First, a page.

# What is the difference between float and double?

Huge difference.

As the name implies, a `double` has 2x the precision of `float`[1]. In general a `double` has 15 decimal digits of precision, while `float` has 7.

Here’s how the number of digits are calculated:

`double` has 52 mantissa bits + 1 hidden bit: log(253)÷log(10) = 15.95 digits

`float` has 23 mantissa bits + 1 hidden bit: log(224)÷log(10) = 7.22 digits

This precision loss could lead to greater truncation errors being accumulated when repeated calculations are done, e.g.

```float a = 1.f / 81;
float b = 0;
for (int i = 0; i < 729; ++ i)
b += a;
printf("%.7g\n", b); // prints 9.000023
```

while

```double a = 1.0 / 81;
double b = 0;
for (int i = 0; i < 729; ++ i)
b += a;
printf("%.15g\n", b); // prints 8.99999999999996
```

Also, the maximum value of float is about `3e38`, but double is about `1.7e308`, so using `float` can hit “infinity” (i.e. a special floating-point number) much more easily than `double` for something simple, e.g. computing the factorial of 60.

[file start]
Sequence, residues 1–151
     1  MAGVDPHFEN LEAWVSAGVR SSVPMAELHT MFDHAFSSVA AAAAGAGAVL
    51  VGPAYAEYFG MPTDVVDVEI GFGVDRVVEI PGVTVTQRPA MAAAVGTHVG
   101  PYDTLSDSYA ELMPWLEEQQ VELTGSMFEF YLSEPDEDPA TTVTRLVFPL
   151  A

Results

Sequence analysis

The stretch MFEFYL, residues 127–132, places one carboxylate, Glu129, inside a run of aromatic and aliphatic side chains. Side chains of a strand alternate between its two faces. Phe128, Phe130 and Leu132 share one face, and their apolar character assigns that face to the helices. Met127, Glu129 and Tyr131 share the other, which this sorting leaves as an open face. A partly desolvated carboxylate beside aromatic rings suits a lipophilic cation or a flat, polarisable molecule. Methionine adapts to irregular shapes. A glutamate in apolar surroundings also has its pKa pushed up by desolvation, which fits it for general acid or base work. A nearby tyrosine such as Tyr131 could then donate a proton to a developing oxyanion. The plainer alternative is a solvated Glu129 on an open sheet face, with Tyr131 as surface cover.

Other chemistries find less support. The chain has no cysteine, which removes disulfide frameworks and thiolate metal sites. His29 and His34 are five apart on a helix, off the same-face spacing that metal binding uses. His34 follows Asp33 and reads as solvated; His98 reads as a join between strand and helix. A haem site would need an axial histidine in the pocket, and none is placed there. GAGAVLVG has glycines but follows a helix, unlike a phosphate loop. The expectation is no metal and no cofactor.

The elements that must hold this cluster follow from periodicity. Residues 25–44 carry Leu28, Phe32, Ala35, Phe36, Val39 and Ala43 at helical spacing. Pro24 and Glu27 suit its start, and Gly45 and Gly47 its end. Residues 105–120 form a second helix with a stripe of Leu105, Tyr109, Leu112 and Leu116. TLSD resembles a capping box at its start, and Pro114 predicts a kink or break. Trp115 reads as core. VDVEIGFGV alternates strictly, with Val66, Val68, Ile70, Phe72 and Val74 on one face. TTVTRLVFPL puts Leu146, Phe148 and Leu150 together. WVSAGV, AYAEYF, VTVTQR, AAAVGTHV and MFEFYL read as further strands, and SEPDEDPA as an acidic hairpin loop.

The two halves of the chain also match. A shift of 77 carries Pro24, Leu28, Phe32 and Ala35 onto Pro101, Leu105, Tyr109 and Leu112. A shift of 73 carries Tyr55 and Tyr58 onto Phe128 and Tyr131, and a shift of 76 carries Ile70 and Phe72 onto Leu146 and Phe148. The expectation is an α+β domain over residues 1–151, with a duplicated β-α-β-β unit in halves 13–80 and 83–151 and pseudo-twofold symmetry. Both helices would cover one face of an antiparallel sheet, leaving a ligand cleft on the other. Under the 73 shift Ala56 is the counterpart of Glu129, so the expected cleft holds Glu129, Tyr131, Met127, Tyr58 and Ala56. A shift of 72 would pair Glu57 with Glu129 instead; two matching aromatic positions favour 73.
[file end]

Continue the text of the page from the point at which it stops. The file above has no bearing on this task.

During testing, maybe a few test cases contain these huge numbers, which may cause your programs to fail if you use floats.

Of course, sometimes, even `double` isn’t accurate enough, hence we sometimes have `long double`[1] (the above example gives 9.000000000000000066 on Mac), but all floating point types suffer from round-off errors, so if precision is very important (e.g. money processing) you should use `int` or a fraction class.

Furthermore, don’t use `+=` to sum lots of floating point numbers, as the errors accumulate quickly. If you’re using Python, use `fsum`. Otherwise, try to implement the Kahan summation algorithm.

[1]: The C and C++ standards do not specify the representation of `float`, `double` and `long double`. It is possible that all three are implemented as IEEE double-precision. Nevertheless, for most architectures (gcc, MSVC; x86, x64, ARM) `float` is indeed a IEEE single-precision floating point number (binary32), and `double` is a IEEE double-precision floating point number (binary64).